A mythical hero called Azan, one of three sons of the legendary king Arkas and the nymph Erato, is in ancient tradition supposed to be the forefather of the Phrygians settled along the river Penkalas in the neighborhood of the Cave of the goddess Meter Steunene. From this Azan the name of the city Aizanoi is derived. Aizanoi was the capital of Aizanitis, which belonged to Phrygia.New excavation of the elevated rise where the principal ancient sanctuary of the city, the temple of Zeus (A), is located has unearthed evidence of a third millenium B.C. occupation level. In earlier Anatolian times, situated in the same location as the later temple building was one of many settlement mounds which recently have been determined to have occupied the Aizanitis. During the Hellenistic period this entire region alternated between the hegemonies of Pergamon and Bithynia; it came under Roman control in 133 B.C. The first coins date from the second and first centuries B.C. It is only from the last quarter of the first century B.C. that we have concrete evidence for the city of Aizanoi which, through its production of cereals, wine, and sheep's wool, was to rise to prosperity during the period of the Roman Empire. In early Byzantine times the city was the seat of a bishopric; from the seventh century onwards, however, its influence dwindled markedly.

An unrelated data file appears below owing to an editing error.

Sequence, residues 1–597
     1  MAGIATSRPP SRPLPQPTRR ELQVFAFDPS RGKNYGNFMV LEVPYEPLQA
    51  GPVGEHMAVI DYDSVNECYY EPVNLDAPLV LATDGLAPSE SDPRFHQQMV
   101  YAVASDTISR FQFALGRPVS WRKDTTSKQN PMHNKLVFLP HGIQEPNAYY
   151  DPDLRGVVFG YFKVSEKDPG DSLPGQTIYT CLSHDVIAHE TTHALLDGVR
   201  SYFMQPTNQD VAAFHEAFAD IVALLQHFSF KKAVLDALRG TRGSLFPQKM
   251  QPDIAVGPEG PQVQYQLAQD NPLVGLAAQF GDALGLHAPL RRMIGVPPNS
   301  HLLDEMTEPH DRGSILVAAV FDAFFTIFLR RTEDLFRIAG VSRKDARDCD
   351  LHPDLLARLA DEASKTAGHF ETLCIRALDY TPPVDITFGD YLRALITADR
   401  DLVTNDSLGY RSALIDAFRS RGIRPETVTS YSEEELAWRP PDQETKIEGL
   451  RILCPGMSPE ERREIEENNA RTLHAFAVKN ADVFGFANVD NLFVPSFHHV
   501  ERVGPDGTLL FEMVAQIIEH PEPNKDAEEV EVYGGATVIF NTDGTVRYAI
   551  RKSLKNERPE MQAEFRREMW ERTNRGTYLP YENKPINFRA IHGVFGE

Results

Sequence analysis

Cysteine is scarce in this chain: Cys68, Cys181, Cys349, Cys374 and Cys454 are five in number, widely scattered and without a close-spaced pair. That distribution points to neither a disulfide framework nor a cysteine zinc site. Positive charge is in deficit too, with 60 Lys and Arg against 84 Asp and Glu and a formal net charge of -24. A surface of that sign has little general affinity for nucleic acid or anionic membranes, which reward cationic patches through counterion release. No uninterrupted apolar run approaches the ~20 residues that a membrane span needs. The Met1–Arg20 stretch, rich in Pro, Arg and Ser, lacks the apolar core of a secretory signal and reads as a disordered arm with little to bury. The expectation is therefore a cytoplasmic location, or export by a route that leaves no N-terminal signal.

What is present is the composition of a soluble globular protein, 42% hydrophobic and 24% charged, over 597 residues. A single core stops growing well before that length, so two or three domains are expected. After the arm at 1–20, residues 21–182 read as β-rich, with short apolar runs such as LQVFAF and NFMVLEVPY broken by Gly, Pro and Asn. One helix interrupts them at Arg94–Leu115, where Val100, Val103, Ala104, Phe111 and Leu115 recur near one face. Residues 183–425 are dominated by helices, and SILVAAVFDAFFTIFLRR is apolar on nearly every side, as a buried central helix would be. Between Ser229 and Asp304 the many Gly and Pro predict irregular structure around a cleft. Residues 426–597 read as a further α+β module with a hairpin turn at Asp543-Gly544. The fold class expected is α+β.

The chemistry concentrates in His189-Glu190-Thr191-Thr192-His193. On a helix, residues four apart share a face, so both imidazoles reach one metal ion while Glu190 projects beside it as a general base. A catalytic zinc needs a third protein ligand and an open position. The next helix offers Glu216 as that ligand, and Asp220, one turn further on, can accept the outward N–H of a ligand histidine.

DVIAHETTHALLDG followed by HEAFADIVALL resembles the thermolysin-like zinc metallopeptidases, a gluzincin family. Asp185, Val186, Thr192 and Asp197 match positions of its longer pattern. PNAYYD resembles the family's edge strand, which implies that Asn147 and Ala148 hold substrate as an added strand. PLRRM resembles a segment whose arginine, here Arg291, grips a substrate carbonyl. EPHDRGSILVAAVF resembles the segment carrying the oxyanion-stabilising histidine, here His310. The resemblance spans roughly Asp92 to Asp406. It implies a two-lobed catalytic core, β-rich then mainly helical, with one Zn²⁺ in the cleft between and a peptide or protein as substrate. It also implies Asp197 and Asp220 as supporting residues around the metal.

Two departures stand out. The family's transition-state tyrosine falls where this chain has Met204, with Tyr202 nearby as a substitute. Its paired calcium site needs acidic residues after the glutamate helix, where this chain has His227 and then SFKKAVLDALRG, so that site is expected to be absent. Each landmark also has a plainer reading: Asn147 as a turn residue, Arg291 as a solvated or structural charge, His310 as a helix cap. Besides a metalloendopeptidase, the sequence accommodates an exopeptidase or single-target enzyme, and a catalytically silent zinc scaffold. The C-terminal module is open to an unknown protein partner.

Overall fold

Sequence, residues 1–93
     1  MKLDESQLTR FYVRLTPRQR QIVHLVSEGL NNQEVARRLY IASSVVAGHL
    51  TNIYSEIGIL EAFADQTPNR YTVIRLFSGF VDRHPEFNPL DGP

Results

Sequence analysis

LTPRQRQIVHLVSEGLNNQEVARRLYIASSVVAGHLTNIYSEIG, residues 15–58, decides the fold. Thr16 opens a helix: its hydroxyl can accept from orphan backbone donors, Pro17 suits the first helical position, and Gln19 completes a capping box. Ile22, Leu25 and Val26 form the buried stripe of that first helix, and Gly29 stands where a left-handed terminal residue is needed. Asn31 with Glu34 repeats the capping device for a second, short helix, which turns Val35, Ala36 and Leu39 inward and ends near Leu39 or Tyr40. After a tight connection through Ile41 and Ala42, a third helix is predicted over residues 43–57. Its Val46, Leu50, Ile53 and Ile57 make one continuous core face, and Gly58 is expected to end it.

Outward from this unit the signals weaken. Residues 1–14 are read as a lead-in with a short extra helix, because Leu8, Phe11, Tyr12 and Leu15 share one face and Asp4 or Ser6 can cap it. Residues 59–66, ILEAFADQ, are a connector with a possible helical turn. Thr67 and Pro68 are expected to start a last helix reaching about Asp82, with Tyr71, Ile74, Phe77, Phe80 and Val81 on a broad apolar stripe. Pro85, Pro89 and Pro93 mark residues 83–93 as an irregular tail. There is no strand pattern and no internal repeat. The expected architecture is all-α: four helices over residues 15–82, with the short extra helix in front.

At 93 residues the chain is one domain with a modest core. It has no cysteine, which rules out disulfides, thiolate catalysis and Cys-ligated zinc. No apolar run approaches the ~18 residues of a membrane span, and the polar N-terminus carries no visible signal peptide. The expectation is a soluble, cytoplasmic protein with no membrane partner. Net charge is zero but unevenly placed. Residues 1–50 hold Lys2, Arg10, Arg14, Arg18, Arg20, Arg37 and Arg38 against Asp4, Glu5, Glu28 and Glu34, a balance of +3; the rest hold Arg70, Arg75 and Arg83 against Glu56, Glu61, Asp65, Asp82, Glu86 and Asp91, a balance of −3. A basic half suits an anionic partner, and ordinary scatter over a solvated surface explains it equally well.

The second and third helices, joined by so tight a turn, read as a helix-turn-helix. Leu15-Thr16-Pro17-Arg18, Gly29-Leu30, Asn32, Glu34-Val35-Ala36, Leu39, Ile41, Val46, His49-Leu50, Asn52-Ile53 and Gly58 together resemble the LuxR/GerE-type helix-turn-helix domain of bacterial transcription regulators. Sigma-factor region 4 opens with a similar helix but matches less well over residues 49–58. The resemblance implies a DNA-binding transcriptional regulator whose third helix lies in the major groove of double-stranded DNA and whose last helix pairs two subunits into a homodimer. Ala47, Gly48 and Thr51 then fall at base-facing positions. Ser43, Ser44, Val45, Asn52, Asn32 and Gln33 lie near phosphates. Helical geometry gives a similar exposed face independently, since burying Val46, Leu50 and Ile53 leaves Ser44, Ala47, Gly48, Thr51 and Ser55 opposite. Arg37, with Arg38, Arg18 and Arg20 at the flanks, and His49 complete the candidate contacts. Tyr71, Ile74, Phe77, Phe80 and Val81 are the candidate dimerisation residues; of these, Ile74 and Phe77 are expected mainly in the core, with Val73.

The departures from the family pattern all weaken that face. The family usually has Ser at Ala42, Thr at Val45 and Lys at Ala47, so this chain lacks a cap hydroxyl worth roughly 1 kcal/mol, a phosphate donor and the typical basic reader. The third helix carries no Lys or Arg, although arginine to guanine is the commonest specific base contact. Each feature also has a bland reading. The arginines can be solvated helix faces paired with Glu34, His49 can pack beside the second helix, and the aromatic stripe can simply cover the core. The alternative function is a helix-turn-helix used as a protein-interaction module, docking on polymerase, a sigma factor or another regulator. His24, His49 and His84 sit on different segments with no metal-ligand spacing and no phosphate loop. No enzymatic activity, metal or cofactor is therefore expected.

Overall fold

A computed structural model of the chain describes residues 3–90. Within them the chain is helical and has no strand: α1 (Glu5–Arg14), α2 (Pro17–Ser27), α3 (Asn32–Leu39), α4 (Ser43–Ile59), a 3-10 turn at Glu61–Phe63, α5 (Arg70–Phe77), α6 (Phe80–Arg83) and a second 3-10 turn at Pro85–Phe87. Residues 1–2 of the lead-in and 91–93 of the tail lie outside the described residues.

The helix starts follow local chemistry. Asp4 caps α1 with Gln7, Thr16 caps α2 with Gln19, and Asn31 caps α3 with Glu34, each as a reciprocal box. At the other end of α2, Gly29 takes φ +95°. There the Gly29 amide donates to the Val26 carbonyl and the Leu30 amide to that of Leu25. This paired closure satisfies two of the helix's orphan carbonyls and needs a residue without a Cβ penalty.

In medieval times the rise upon which the temple stands was transformed into a fortified citadel which subsequently served a group of the Cavdar Tatars as a fort during the Seljuk dynasties, thus giving the community its present name, Çavdarhisar (Çavdar Citadel). Aizanoi was discovered by European travellers in 1824. The earliest research work was undertaken in the '3os and '4os of the nineteenth century. The excavations of the German Archaeological Institute were begun in 1926 under the direction of M. Schede and D. Krencker; resumed in 1970 under R. Naumann, these are still in progress.